The new welfare dependent class – businesses

If seems as if all businesses now require some type of welfare program.  The definition of economic development is grants or loans or special tax breaks given by our government to businesses.  Banks get their welfare indirectly – from loan guarantees from many government programs.  Of course our farmers must be protected from losses by government – through crop insurance subsidies that not only cover natural disasters, but actually protect against price declines.  All types of energy companies receive special tax credits or tax breaks.  The biggest manufacturers in Iowa receive large tax credits for research.  Now, Mediacom and John Deere want a grant of $800,000 from the federal government to help bring high speed internet to farmers who buy high-tech, internet connected tractors that cost hundreds of thousands of dollars.  We should say no!  We need to reverse the trend of expecting taxpayers to fund all types of economic development.  Just as with with individuals and families, welfare for businesses create dependency.  Our economy will continue to grow sluggishly as long as we look to government to manage our economic development.

5 more years of farm welfare?

It appears that those in charge of reconciling the differences between the House and Senate versions of the Farm Bill will not be doing anything to reduce the obscene amount of welfare going to farmers.  Money “saved” by eliminating direct payments is being shifted towards more subsidies for crop insurance.  Senator Grassley’s effort to place a cap on the total welfare payments received by any one farmer appears to have been watered down at best.  Farmers have higher incomes and greater wealth than most citizens. They should pay the full cost of their crop insurance.  Now, lets hope that either the full House or Senate will vote this bill down.  We don’t need five more years of welfare for rich farmers.

Farm Bill blackmail!

Almost every day we are warned that we must pass a Farm Bill because, “… if we allow the current bill expire we will revert back to the 1949 law that will raise the price of milk to $7 per gallon!”  Why is it that this situation never changes?  I’ve heard this same threat for decades.   Any new Farm Bill should include a provision to repeal this archaic 1949 law and stop all government intervention in farm markets if the Farm Bill expires.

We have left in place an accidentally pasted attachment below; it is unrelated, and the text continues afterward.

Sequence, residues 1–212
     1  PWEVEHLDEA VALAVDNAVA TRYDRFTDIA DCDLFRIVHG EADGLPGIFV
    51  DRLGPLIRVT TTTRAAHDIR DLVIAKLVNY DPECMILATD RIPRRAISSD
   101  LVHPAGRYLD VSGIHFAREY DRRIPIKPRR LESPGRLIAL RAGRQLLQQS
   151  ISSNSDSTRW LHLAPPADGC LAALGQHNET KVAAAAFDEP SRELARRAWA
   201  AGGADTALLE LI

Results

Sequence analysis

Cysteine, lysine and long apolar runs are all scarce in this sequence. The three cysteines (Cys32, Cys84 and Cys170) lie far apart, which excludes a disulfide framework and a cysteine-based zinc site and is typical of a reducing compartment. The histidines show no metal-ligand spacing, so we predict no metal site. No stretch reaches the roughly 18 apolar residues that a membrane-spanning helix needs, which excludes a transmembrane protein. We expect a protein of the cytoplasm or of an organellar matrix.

Income inequality is not the problem.

Income inequality is not a problem in and of itself.  As long a people earn their income through honest, peaceful and voluntary exchange, then there is no moral reason for our government to redistribute that wealth.  What is a problem is when government places its thumb on the scale and unfairly helps the rich to get richer, or hurts the poor and makes them poorer.  To the extent that a person gains wealth by unequal preferential treatment by government, it is morally correct for government to use its force to take away that wealth.

One good example of the many unfair government policies that wrongly favor the rich is the special low income tax rate on “carried interest” income earned by hedge fund managers.  They call it carried interest, but it is nothing more than a bonus based on performance.   In any other situation, this type of income is taxed at regular income tax rates. Somehow, hedge fund managers have sold politicians on the idea that carried interest is a special kind of income that should be taxed at lower rates.  Another example is the Oil Depletion Allowance for oil companies.  Another is farm subsidies for rich farmers.  We do not need to raise tax rates on ordinary income, we do need to do away with the unfair preferences, tax breaks, and subsidies that go mostly to the wealthy.

A good example of government policy that hurts poor people is that of keeping interest rates low in order to prop up housing prices.  If housing prices had been allowed to fall to their free market levels, housing would be much more affordable for poor people.  Instead, our government tries to fix the problem that it helped to create (unaffordable housing) by giving rent subsidies to the poor – creating more dependency on government, but not fixing the underlying causes of the problem.

To misquote Walter Scott, “Oh what a tangled web we weave when first we practice to use our government to achieve social goals.”  The solution to many of our economic problems today is to reduce the size and scope of our government.  Many unfair crony capitalist subsidies and tax breaks exist because our government has expanded far beyond its Constitutionally limited powers.  The primary just powers of government are to protect our lives, liberty and property; and to resolve disputes.  The scope and powers of our current federal government are clearly way beyond the limited government that our founding fathers created.  Lets start by closing unfair tax breaks and lowering spending to match.

Stop crop insurance subsidy!

Taxpayers subsidize about  60% of the premiums that farmers pay for crop insurance – regardless of how wealthy the farmer is, regardless of the income of the farmer, and regardless of whether or not the owner actually even works on a farm.  Crop insurance covers not only losses due to disasters, but it also covers losses due to low prices.  There is no ethical, moral, or food security reason why wealthy farm owners should be receiving any subsidy.  Most farms, like most other businesses, need disaster insurance.  But, there is no good reason why taxpayers should subsidize the premiums.  Farmers say they need a 5-year farm bill so that they can properly plan.  That is understandable.  Let’s let them plan on not receiving any subsidy on their crop insurance.